Ruptures concludes the tale begun in book one, Scars, which relates the story of the first mission handled by our 23rd century diplomat-agents: a human, Caleb Swany, partnered with an alien, Mezoke Izzua. Think Han Solo/Lucky Luke with a sexier version of Chewbacca and you won’t be far off.

We pick up pretty much where we left the last book, and hit the ground running, with Mezoke kicking ass in a scene that’s a good example of the storytelling chops of artist Serge Pellé. The action is laid out clearly, and the technical skill on display is admirable, with strong compositions, often very dynamic.

From there the book rattles along at a fair click. Syvain Runberg supplies a great deal of plot, much of it involving politics and political shenanigans, fifth columnists and the odd bit of exposition. This is all interspersed with exciting set-pieces that allow the creators to work some nice character moments in, so that, by the end of Ruptures, we’re quite attached to our pair of heroes, and looking forward to following more of their adventures.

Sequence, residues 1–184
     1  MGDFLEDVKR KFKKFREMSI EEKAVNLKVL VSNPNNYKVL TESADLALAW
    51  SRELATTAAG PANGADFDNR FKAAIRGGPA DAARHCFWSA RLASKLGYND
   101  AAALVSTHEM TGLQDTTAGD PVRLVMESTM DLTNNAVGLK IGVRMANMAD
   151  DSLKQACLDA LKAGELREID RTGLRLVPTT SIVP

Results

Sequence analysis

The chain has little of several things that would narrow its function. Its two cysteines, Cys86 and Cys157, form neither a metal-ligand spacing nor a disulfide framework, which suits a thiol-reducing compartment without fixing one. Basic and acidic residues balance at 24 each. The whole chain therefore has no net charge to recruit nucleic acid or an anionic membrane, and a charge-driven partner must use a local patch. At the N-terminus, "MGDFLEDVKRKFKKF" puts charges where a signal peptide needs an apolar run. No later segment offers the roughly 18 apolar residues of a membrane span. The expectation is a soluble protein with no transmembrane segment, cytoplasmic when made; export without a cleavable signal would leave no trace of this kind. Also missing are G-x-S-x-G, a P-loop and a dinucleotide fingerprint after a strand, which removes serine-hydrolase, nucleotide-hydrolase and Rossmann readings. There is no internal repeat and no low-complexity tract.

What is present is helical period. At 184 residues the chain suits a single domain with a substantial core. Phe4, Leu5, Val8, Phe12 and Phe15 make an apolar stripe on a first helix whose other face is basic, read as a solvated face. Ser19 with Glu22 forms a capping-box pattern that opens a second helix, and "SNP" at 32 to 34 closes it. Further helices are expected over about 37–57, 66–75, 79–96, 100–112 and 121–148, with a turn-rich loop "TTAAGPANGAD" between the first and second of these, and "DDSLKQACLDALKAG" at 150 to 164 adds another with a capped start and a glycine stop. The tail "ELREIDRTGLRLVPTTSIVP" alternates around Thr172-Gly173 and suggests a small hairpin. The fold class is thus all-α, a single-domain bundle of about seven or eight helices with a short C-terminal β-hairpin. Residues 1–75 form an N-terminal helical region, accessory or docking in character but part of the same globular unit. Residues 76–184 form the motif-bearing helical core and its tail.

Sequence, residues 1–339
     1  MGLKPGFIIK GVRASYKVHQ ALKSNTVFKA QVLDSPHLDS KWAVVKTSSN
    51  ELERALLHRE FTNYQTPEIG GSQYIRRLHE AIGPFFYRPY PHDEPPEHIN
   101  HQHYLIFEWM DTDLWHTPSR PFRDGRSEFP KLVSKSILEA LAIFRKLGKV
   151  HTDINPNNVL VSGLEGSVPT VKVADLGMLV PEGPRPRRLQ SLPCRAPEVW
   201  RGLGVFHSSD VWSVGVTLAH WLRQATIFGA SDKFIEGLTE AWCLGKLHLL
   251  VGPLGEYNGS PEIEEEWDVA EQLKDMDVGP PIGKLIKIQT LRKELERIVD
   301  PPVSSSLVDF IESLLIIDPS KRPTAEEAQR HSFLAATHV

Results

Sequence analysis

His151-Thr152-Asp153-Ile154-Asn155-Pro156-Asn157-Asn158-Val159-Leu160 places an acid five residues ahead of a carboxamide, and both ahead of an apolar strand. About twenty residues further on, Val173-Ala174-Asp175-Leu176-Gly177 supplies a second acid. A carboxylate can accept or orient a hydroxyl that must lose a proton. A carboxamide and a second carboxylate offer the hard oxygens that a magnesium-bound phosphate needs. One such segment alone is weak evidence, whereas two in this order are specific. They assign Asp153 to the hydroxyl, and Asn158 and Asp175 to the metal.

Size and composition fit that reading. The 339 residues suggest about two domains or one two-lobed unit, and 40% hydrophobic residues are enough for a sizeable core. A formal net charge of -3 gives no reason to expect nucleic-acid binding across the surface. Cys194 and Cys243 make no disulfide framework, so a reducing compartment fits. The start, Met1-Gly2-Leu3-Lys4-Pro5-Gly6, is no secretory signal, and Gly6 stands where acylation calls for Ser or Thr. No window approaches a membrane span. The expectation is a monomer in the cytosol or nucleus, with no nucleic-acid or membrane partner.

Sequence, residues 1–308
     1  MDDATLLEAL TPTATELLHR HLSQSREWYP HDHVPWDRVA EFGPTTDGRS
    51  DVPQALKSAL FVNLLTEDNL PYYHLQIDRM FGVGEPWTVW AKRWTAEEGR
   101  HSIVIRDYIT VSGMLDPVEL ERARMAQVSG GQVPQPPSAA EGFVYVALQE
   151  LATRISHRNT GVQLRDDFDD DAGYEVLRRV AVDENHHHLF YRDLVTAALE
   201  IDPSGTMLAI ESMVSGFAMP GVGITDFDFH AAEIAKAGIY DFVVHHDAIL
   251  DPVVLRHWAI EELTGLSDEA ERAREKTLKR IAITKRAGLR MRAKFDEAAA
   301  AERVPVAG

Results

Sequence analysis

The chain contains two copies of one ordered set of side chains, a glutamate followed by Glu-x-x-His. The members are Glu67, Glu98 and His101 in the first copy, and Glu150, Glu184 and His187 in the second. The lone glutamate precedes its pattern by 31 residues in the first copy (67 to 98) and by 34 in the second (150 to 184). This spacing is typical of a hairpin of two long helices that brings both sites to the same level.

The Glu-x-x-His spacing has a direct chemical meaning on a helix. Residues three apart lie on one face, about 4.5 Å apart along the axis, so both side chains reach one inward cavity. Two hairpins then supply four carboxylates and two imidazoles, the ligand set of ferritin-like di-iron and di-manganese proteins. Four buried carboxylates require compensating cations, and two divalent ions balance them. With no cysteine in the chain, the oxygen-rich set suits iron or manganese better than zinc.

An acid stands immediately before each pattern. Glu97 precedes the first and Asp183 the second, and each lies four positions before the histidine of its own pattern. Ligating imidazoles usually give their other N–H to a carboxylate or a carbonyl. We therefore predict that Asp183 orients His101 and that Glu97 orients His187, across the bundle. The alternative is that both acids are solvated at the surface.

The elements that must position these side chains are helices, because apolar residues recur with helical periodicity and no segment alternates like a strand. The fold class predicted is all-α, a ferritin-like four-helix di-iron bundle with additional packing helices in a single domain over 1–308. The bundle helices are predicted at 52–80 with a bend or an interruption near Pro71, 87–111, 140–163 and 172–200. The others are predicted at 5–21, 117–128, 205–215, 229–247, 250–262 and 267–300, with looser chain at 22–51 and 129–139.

Like a great deal of sci-fi, the story touches on a great many subjects – gender, racism, isolationism, politicals and capitalism, to name just a few – that lets the creators hold a mirror up to our own society, regardless of how many tentacles their characters might have, or when the stories are set. To give just one example, Mezoke would appear to be a hot chick, though he/she actually belongs to a species whose gender isn’t quite as straightforward as that. It’s slightly challenging concepts like this, more than the odd swear word, that probably earn these books their 12+ rating, as the creators attempt, largely successfully, to put modern spins on age-old themes like gender dynamics and racism.

The previous book was hampered by the amount of exposition. This one, while it still likes to stop and deliver wee presentations on salient plot points, doesn’t have anything like as much, and is all the better for that. Even without a cliff-hanger ending like the first, it still leaves one wanting more. For that, it’s on to the second mission split over the next two books: Nomads and Ravages.

The main characters are likeable, the plots are suitably awe-inspiring sci-fi that’s equal parts Moebius and George Lucas, and the story is handled well by both writer and artist. What more could you possibly want?